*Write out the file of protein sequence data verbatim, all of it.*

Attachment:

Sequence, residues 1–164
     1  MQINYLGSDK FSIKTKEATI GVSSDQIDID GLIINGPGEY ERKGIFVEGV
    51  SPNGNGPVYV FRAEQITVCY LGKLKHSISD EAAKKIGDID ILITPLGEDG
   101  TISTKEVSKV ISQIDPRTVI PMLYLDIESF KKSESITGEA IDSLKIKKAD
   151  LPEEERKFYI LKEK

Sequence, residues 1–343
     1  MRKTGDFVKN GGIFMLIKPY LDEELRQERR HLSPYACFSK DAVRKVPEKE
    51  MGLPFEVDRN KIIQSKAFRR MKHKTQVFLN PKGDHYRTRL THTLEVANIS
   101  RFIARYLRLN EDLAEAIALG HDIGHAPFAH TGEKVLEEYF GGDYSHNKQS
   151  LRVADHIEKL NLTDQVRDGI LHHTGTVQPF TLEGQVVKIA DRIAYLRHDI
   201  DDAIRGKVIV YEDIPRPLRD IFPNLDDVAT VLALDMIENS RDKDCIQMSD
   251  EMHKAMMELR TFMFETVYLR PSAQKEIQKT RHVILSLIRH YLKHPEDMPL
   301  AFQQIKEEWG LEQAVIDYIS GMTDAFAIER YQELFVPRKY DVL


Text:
Sequence, residues 1–164
     1  MQINYLGSDK FSIKTKEATI GVSSDQIDID GLIINGPGEY ERKGIFVEGV
    51  SPNGNGPVYV FRAEQITVCY LGKLKHSISD EAAKKIGDID ILITPLGEDG
   101  TISTKEVSKV ISQIDPRTVI PMLYLDIESF KKSESITGEA IDSLKIKKAD
   151  LPEEERKFYI LKEK

Sequence, residues 1–343
     1  MRKTGDFVKN GGIFMLIKPY LDEELRQERR HLSPYACFSK DAVRKVPEKE
    51  MGLPFEVDRN KIIQSKAFRR MKHKTQVFLN PKGDHYRTRL THTLEVANIS
   101  RFIARYLRLN EDLAEAIALG HDIGHAPFAH TGEKVLEEYF GGDYSHNKQS
   151  LRVADHIEKL NLTDQVRDGI LHHTGTVQPF TLEGQVVKIA DRIAYLRHDI
   201  DDAIRGKVIV YEDIPRPLRD IFPNLDDVAT VLALDMIENS RDKDCIQMSD
   251  EMHKAMMELR TFMFETVYLR PSAQKEIQKT RHVILSLIRH YLKHPEDMPL
   301  AFQQIKEEWG LEQAVIDYIS GMTDAFAIER YQELFVPRKY DVL